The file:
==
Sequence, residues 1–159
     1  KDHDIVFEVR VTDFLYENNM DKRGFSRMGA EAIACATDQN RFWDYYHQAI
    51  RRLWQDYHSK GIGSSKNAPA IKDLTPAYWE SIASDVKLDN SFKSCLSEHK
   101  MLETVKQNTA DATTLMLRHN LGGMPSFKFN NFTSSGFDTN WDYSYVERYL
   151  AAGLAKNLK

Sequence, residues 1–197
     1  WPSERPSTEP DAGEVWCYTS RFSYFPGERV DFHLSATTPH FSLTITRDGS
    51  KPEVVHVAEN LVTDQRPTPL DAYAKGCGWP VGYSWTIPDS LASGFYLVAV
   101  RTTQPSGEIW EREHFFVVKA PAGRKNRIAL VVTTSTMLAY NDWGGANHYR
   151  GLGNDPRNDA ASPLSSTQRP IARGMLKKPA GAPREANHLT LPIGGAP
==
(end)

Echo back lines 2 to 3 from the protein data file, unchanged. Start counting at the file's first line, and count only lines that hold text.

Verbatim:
     1  KDHDIVFEVR VTDFLYENNM DKRGFSRMGA EAIACATDQN RFWDYYHQAI
    51  RRLWQDYHSK GIGSSKNAPA IKDLTPAYWE SIASDVKLDN SFKSCLSEHK